The total mass loss (TML) at the end of the thermal analysis is also reported in Table 2. Among the agroindustrial celluloses, the highest TML was obtained for fava pod (86.71 ± 0.63%) and the lowest for pomegranate peel (80.05 ± 0.44%), being in all cases significantly smaller (p < 0.001) than the 91.15 ± 0.47% obtained for MC. This may be due to the presence of lignin in the agroindustrial cellulose samples obtained in this study. As pointed out by Shebani et al. (2008), the ash and lignin contents are related because, as this component degrades at temperatures higher than hemicellulose and cellulose, between 250 and 500 °C, its combustion does not occur until 600 °C, leaving a higher residue content after combustion, at this temperature.

Morphological analysis of cellulose

The macroscopic and microscopic images of the cellulose samples obtained in this study indicate noticeable structural differences among the cellulose samples obtained from the different agroindustrial residues. The most evident differences were the color and brittleness (Fig. 6a–f) which are two features mainly associated with the residual presence of lignin (Rojas et al. 2015) that was possibly not properly removed during the bleaching step. The obtained celluloses can be classified from yellow to white, according to their origin, by the following order: grape stalk, fava pod, strawberry-tree fruit marc, pomegranate peel, corncob and corn husk. These observations suggest that the bleaching process was more efficient in the case of corncob and corn husk. A previous work that investigated the fractionation of cellulose, hemicelluloses and lignin from grape stalk, already mentioned a general difficulty in obtaining well delignified cellulose fractions from this residue, highly influenced by the cultivar (Spigno et al. 2008). It is also important to refer that the organization of the lignin molecules within the raw material cell wall structure, such as the associative interactions with other cell wall components like cellulose, is determinant to make the extraction process more or less efficient. According to this, if color and cellulose purity are important features, the bleaching conditions must be optimized and adapted to the nature of the agroindustrial residue.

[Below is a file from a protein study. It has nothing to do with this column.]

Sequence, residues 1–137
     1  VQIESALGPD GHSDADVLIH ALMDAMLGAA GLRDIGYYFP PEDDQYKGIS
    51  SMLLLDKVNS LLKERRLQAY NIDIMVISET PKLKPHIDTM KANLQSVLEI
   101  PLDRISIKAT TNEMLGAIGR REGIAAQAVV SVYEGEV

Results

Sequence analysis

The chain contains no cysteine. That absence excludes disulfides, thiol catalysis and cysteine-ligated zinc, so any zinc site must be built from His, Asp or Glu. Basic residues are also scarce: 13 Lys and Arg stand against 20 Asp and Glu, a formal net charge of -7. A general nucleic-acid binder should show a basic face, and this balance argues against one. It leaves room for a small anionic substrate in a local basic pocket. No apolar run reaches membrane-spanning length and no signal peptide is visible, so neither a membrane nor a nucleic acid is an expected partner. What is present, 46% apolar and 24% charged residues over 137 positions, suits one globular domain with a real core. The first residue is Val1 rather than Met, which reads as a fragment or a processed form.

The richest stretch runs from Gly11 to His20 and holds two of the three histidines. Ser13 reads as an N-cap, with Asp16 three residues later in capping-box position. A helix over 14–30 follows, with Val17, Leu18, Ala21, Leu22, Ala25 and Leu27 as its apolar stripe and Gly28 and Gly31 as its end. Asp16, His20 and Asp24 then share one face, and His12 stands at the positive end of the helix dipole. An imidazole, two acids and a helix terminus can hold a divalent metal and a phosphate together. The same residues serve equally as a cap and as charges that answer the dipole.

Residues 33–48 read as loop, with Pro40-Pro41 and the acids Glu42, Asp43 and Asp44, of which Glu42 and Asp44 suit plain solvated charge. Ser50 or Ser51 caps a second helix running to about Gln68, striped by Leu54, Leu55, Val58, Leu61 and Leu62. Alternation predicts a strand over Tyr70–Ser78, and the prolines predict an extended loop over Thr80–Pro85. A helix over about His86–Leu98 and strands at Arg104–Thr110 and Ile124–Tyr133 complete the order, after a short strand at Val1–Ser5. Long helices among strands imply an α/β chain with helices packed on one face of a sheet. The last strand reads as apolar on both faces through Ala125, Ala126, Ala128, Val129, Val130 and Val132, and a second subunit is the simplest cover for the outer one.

Fig. 6

Macroscopic (af) and microscopic (gl) images (20× amplification) of the extracted cellulose samples

Considering the visual appearance of the samples, it is evident the presence of cellulose aggregates in all cases. The production of individualized particles of cellulose is challenging because of the strong agglomeration tendency which occurs upon drying cellulose suspensions (Rojas et al. 2015). To decrease aggregation, lyophilization is recommended over oven-drying. The raw materials with a more homogeneous morphological distribution of cellulose aggregates were grape stalk (Fig. 6f), pomegranate peel (Fig. 6e) and corncob (Fig. 6c). Regarding corn husk cellulose (Fig. 6j), two very distinctive aggregate shapes were found: round-like aggregates, very similar to the ones obtained for corncob and pomegranate peel celluloses, and long fiber shape aggregates. This last type of aggregates was also observed in the case of fava pod cellulose (Fig. 6g). Noticeably, these two cellulose samples with long fiber aggregates were also the ones that presented higher degradation temperatures, reaching 340 °C (Table 2). Grape stalk cellulose (Fig. 6l) presented the most crystal-like aggregates which, as mentioned before, may be associated with the presence of residual lignin.

Given that the extraction of cellulose from corncob reached the highest extraction yield (26.1 ± 1.2%, Fig. 3) and that it was the only sample where the presence of lignin and hemicellulose was not confirmed in the FTIR analysis, its structure was further analyzed by SEM and compared to MC. Figure 7 shows the SEM images under two different magnifications and reveals differences in the morphology of the two samples. Considering the lowest magnification (250×), MC presented a more homogeneous particle size distribution (Fig. 7a), while corncob cellulose showed a more heterogeneous morphology with smaller and bigger particle aggregates/clusters and some macrofibrils (Fig. 7c). The micrographs obtained with the highest magnification (5000×) (Fig. 7b, d) showed that MC has a compact surface morphology with a smoother surface. The irregularities observed at the surface of the corncob cellulose may be a result of the severity of the treatment that extensively degraded the amorphous regions of cellulose, considering that it was extracted from an agroindustrial residue, which is considered a weaker lignocellulosic material comparatively to wood-derived lignocellulosic raw materials (García et al. 2014). However, and at this level of detail, it could be observed that in general terms both cellulose structures were similar, despite their different origins.